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- What are the Main Types of Insulating Concrete Forming Systems?
- How Do ICFs Work?
- Where are ICF Homes Being Built?
- Benefits of Concrete Homes
- Seven Benefits of Living in an ICF Home
- Why Building with Concrete is Good for the Environment
- Energy Efficient Mortgages and Tax Credits
- Building a Concrete Home
- How to Get Started
- Design Options for ICF Homes
- Free Concrete Home Plans Online
- Resources for Homeowners in Concrete Home Building
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- Books, Articles and Related Information About Building a Concrete House
- Safety Advantages
- Concrete Homes Defy Violent Storms
- Concrete Home Stands Up to a Tornado
- Building Concrete Safe Rooms
- Related Information
- ICF Homeowner Testimonial
- Famous Concrete Homes: Thomas Edison and Frank Lloyd Wright
- Concrete Architect: Richard Neutra's Biorealism begets green design
- Going Green with Concrete: An Overview of Concrete's Eco-Friendly Benefits
- Other Resources
- Concrete Contractors: Find Concrete Form Products and Suppliers
Concrete Homes and Home BuildingLearn how using concrete and ICFs for concrete home construction can slash heating and cooling costs, improve your comfort and safety, and help preserve the environment
Concrete homes are known for their durability and cost-saving features. With ICF construction, homeowners are finding that they can design a concrete home to look just like a wood-frame house, but they garner many other added benefits by choosing to build with concrete.
If you firmly believe in the adage that your home is your castle, then why not build a true fortress—one that can withstand nearly any assault Mother Nature can dole out without sacrificing the comfort and design flexibility of a traditional home? In fact, more and more homeowners are doing just that, for reasons ranging from reducing escalating heating and cooling costs to allaying fears of being in the path of another hurricane on the magnitude of Katrina.
These savvy homeowners are saying "no" to wood framing and erecting their castles using concrete building systems for the exterior structural walls. In 2005, concrete homes accounted for nearly 18% of all new single-family detached homes, up from 16.3% in 2004, according to the National Association of Home Builders (NAHB) and the Portland Cement Association (PCA). Simply put, one out of every six new houses built in the U.S. are now made of concrete.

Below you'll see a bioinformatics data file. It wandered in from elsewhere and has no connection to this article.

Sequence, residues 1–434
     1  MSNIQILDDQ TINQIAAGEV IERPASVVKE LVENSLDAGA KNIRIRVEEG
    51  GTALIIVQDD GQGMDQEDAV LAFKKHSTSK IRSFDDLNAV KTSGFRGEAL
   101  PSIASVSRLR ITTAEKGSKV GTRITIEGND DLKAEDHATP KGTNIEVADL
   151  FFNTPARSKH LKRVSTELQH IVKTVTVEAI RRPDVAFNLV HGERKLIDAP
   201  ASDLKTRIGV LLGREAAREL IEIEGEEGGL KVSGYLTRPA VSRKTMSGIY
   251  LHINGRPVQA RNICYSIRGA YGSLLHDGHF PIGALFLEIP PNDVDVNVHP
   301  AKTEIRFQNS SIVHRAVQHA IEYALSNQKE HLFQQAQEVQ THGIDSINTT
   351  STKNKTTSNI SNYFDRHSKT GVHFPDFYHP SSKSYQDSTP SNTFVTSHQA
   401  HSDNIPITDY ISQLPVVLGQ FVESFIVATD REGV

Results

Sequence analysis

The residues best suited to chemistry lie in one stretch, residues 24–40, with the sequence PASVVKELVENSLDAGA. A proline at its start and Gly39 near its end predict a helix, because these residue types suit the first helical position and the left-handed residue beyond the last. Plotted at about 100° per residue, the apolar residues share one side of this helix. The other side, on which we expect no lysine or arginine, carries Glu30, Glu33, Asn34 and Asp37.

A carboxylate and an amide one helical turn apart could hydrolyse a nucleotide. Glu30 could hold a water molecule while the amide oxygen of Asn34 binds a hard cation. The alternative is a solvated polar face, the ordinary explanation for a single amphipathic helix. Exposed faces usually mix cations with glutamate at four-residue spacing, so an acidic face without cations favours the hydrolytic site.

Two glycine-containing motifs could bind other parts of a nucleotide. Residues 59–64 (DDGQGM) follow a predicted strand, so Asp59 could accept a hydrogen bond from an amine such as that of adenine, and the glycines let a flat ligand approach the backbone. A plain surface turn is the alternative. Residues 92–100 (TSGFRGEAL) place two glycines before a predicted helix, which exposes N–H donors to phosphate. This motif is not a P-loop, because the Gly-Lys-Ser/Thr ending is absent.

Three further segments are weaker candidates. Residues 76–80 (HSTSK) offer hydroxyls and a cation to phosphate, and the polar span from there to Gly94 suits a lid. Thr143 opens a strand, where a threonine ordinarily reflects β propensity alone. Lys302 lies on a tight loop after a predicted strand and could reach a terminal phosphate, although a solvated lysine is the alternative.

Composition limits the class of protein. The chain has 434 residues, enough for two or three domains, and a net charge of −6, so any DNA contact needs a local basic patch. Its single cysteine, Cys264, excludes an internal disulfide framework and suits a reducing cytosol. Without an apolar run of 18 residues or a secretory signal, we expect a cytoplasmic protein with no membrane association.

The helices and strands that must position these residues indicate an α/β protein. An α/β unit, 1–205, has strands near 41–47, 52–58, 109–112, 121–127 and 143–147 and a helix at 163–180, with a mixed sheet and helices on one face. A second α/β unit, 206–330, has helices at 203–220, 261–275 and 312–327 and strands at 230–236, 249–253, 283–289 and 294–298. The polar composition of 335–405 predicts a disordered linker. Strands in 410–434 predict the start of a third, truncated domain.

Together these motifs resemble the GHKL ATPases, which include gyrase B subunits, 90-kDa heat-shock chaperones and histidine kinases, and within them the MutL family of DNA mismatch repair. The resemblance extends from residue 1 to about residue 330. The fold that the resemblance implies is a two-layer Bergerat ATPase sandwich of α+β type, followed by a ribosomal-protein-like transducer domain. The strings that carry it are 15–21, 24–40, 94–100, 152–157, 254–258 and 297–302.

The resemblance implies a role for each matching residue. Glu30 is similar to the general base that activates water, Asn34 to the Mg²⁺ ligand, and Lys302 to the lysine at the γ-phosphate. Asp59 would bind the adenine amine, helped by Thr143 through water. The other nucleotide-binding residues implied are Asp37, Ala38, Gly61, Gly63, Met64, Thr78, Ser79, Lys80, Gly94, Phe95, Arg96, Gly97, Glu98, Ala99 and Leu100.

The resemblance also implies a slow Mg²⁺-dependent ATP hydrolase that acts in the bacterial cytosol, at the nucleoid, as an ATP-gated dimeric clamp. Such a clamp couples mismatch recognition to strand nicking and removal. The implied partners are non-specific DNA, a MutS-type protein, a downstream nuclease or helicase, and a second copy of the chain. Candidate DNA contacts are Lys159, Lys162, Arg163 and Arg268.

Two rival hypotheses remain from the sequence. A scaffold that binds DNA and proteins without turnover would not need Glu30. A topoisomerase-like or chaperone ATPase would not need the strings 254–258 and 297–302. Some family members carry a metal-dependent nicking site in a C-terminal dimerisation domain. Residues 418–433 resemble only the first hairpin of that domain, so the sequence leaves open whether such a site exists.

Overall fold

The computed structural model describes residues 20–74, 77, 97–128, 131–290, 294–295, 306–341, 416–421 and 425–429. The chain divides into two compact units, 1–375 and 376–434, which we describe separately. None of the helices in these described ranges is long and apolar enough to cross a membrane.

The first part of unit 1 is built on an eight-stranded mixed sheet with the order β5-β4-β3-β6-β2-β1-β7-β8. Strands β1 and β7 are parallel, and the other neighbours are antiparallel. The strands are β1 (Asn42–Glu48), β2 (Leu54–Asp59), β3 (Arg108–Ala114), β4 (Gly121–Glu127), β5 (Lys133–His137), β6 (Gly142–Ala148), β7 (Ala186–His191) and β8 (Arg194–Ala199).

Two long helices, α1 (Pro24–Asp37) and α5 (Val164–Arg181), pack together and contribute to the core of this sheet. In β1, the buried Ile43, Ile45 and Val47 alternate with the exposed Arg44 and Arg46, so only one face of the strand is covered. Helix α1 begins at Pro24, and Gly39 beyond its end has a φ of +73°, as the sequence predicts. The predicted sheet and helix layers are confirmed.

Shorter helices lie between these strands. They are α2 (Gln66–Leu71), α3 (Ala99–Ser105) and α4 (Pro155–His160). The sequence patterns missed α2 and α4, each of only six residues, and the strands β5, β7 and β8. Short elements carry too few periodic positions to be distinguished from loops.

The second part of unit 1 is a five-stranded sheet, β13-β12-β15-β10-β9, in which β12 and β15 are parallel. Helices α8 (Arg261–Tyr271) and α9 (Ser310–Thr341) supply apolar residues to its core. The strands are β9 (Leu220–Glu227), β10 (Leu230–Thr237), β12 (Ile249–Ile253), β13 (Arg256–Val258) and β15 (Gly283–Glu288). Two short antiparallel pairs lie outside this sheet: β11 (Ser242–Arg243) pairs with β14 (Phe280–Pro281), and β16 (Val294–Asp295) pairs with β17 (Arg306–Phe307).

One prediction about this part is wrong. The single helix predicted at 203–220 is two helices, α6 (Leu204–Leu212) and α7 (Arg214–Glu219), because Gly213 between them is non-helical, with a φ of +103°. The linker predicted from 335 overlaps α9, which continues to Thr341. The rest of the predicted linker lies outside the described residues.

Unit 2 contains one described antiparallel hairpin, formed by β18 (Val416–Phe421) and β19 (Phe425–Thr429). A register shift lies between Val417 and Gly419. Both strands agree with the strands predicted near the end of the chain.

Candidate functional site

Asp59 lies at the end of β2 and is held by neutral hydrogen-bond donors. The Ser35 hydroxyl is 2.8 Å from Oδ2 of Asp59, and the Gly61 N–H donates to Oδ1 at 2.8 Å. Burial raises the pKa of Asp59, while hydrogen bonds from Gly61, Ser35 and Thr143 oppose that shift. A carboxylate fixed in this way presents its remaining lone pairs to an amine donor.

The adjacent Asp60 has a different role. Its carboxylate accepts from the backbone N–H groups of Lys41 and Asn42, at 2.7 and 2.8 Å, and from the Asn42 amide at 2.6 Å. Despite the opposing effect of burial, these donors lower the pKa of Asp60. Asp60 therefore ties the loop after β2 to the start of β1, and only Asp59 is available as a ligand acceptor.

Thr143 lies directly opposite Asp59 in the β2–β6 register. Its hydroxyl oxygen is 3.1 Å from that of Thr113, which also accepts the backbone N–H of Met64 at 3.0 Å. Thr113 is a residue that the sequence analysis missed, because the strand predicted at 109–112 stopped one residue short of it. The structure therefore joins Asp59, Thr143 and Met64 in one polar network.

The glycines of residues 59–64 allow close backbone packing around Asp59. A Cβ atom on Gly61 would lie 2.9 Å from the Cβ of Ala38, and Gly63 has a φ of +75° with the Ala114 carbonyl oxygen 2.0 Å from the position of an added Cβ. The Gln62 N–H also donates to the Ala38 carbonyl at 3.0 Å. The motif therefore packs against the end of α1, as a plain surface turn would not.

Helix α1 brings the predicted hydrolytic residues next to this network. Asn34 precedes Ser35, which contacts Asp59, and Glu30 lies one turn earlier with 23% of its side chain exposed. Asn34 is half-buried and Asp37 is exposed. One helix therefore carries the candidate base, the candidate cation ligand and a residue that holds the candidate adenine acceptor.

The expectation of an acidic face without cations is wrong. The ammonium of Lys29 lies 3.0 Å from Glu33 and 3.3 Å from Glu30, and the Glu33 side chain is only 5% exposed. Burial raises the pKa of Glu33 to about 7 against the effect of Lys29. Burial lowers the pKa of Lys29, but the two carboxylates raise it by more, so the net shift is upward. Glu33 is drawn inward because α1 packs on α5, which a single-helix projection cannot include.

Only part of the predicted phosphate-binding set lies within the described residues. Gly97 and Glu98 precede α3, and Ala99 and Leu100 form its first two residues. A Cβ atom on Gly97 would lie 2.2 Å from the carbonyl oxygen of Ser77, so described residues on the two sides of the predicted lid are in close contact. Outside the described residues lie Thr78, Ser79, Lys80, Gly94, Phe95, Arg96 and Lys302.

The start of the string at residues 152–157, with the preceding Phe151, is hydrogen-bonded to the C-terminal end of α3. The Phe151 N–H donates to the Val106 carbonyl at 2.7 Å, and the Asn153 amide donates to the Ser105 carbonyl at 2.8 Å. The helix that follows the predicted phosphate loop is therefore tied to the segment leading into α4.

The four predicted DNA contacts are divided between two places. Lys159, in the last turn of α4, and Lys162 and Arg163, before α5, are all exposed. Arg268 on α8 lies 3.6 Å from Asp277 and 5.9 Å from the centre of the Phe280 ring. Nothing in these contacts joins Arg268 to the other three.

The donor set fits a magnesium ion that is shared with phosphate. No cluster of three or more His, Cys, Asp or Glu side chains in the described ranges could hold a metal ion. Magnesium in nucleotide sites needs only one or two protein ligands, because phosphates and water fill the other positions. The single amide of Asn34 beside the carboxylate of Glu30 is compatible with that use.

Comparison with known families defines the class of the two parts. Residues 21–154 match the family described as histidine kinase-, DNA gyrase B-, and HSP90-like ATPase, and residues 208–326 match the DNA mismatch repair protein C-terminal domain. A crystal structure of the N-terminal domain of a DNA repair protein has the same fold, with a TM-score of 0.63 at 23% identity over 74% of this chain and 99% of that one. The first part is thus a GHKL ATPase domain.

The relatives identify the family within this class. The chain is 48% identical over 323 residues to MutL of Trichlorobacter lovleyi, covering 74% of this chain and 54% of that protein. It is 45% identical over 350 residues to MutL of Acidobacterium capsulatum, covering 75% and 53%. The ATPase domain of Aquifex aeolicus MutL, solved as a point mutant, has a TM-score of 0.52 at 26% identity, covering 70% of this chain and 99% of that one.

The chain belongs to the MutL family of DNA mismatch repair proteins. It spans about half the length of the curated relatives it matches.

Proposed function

While some of these homes use traditional concrete wall systems, such as concrete masonry and concrete cast onsite in removable forms, the most explosive growth is in the use of insulating concrete forms, or ICFs, for building both foundation and above-grade walls. These easy-to-erect, stay-in-place forms are made of high-density plastic foam and filled with fresh concrete and steel reinforcement to create a super-insulated thermal sandwich that's airtight, quiet, and highly resistant to fire and strong winds. And ICF walls can be covered with most standard interior and exterior finishing materials, allowing your fortress to assume any architectural style, from Victorian to Colonial to ultra-contemporary.
Although it's almost impossible to spot a concrete home, since the walls are often hiding beneath a traditional façade of brick, stucco or lap siding, chances are good that at least one is located right in your own neighborhood. ICF homes are going up in all regions of the country, especially in areas vulnerable to devastating hurricanes and tornadoes and climate extremes. Many of these houses are custom built, but more builders are beginning to erect entire subdivisions of concrete homes.